The Twin Brothers
One day a woman happened to be working in the meadow by the river, and she saw a flock of birds flying above the river and talking to the fish. The woman wondered what it was that was there, so she went to the waterside and looked in. All she saw was a fish swimming about. So she said: "I should like to eat you, fish. I feel sure you would do me good."
Now, when she said that, the fish answered: "You could save me. You will have twin sons, although you have never had any children before."
The woman said that, if she could help her in that, there was nothing the fish could ask that she would not do to deliver her.
The fish answered: "Catch me and take me to your field. There you must bury me and plant a rose-tree over me. When the roses first come into bloom, you will bear twin sons. After three years, dig in the place where you buried me and you will find two swords, and these you must keep. Your mare will have two foals and your bitch will have two pups, and each of your twins will have a sword, a horse, and a dog. Those swords will have the virtue that they will help your sons to victory over everybody. I shall be delivered as soon as my body has rotted."
When the twin sons grew up, they were very clever, and so they said: "We must try our luck in the world. We are bold enough. One of us will go to the East and one to the West. Each of us must look at his sword every morning to see if the other needs his help, for the sword will begin to rust as soon as one of us is in peril."
So they cast lots which way they should go, and each of them took his sword, his horse, and his dog, and away they went.
The first rode through deep forests, and he met a fierce dragon and a lion, so he attacked the dragon, which had nine heads. The lion stayed quiet while the knight attacked the dragon, and at last he succeeded in cutting one of the dragon's heads off. He felt tired then, and the lion took his place; then the knight cut two more heads off the dragon. And so it went on till he had all the heads cut off. Then he cut out the tongues from all the nine heads and kept them, and so went forward on his adventurous journey.
Now, it chanced that there were some woodcutters in these forests, and one of them collected all the dragon's heads, having come across them by chance. That dragon used to come to the town and devour one person every visit. This time the lot had fallen upon the princess, and so she was to be devoured by the dragon. So the town was all hung with black cloth. The woodcutter knew all about this, so he went with the heads to the town to sue for the princess, for it had been proclaimed that whoever killed the dragon should be her husband. When the princess saw that such a low-born man was to be her husband, she was taken aback and tried by all the means in her power to delay the wedding.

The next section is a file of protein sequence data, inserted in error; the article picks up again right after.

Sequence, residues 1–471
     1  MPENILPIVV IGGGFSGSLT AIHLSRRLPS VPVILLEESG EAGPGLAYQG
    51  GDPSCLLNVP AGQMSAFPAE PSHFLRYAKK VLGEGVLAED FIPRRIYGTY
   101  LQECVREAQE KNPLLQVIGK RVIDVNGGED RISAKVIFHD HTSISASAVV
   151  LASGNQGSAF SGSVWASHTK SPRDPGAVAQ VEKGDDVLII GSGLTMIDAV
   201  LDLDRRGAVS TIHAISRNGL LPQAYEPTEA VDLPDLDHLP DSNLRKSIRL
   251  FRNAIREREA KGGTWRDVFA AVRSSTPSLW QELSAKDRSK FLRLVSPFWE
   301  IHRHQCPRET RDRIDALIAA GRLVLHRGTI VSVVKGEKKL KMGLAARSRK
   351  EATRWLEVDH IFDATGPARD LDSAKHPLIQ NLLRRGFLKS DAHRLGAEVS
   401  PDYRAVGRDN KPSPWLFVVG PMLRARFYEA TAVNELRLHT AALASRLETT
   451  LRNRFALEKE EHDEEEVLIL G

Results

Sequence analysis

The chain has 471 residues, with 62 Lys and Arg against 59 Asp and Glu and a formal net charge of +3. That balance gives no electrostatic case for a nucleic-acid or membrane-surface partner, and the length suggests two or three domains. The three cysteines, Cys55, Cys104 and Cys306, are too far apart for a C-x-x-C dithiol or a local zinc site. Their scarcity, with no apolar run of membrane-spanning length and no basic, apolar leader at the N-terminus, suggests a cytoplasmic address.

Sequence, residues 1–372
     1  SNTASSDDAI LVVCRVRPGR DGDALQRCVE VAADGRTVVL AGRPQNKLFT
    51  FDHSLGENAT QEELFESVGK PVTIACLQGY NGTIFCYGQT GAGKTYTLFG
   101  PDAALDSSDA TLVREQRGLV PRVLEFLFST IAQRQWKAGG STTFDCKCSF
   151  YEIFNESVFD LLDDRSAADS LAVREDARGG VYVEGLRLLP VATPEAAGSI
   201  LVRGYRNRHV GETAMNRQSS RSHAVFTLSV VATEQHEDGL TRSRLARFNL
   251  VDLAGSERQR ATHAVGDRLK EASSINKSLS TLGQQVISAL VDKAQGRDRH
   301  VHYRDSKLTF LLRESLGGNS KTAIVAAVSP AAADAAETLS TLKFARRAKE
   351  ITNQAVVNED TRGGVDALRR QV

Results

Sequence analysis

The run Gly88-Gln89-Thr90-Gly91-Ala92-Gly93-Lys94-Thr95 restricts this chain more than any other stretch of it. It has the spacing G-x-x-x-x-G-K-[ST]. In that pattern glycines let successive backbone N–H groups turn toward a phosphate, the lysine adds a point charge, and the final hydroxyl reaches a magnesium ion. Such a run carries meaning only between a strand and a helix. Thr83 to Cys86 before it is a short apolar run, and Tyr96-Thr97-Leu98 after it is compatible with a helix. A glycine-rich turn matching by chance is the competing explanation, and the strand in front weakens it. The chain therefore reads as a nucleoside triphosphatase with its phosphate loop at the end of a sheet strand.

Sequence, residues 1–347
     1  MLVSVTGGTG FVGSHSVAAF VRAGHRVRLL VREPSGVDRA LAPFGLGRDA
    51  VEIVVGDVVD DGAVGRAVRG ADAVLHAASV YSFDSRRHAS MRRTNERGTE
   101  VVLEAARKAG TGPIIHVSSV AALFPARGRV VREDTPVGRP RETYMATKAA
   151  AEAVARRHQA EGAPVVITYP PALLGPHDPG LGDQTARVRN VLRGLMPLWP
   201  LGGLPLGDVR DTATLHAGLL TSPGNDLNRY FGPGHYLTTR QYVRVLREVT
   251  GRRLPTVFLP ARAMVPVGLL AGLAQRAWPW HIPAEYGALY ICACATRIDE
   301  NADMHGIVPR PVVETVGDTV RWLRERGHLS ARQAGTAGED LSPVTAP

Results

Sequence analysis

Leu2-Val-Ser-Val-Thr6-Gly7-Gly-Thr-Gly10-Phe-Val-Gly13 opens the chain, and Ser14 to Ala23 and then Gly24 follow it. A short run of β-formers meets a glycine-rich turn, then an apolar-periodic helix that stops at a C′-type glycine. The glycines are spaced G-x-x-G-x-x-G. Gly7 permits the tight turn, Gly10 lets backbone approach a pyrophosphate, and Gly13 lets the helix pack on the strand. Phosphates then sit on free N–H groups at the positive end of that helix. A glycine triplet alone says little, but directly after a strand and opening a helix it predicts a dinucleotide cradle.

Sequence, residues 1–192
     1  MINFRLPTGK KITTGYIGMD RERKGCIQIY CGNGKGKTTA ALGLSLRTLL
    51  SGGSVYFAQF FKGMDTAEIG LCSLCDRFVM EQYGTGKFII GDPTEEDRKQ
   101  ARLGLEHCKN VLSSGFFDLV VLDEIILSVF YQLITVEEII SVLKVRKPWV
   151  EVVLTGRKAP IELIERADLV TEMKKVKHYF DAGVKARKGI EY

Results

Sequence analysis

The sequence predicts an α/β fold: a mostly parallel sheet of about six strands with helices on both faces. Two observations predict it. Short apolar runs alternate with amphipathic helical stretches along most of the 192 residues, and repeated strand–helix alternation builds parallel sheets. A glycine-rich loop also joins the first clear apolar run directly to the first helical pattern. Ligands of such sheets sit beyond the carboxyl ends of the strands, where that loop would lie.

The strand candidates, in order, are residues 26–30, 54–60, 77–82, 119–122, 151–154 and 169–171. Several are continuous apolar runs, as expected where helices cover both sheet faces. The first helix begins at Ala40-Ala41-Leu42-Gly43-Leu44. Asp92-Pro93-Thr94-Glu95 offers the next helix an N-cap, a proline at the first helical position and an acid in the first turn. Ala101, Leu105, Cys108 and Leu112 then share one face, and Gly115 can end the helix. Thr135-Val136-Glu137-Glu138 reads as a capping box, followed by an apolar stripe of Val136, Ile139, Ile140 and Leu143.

The knight happened to come to the town just then, and he saw a good inn, so he rode up to it. The innkeeper came at once to ask what he could do for him. Now, there were other guests there, and it was a busy place. The guests were all talking of the one matter: when the princess was going to marry the man who had killed the dragon. The wedding ought to have been long ago, but the bride and her parents kept putting it off.
The knight listened to all this talk, and then he asked: "Are you sure that it was that woodcutter who killed the dragon?"
They answered that it certainly was, for the heads were preserved in the palace.
The knight said nothing, but when he thought the proper time had come he rode to the palace. The princess saw him from the window, and she wondered who it might be. He was ushered in, and he went straight to the princess and told her everything. He asked her whether he might attend the wedding.
She answered: "I am not at all pleased with my marriage. I would much rather marry you, sir."
He asked her why. "If he killed the dragon, he must be a great man."
"He is such a low-born man," said she, "that it is not likely that he killed the dragon."
"I should like to see him," said he.
So they brought the woodcutter before him, and the knight asked to see the heads. So they brought the heads. He looked at the heads and said: "There are no tongues in these heads. Where are the tongues?"
Then he turned to the woodcutter: "Did you really kill the cruel dragon?" he said.
The woodcutter persisted in his story.
"And how did you cut the heads off?"
"With my hatchet."
"Why, you couldn't do it with your hatchet. You are a liar."
The woodcutter was taken aback and did not know what to say. He was frightened already, but he said: "It happened that the dragon didn't have any tongues."
The knight produced the tongues and said: "Here are the tongues, and it was I who killed the cruel dragon."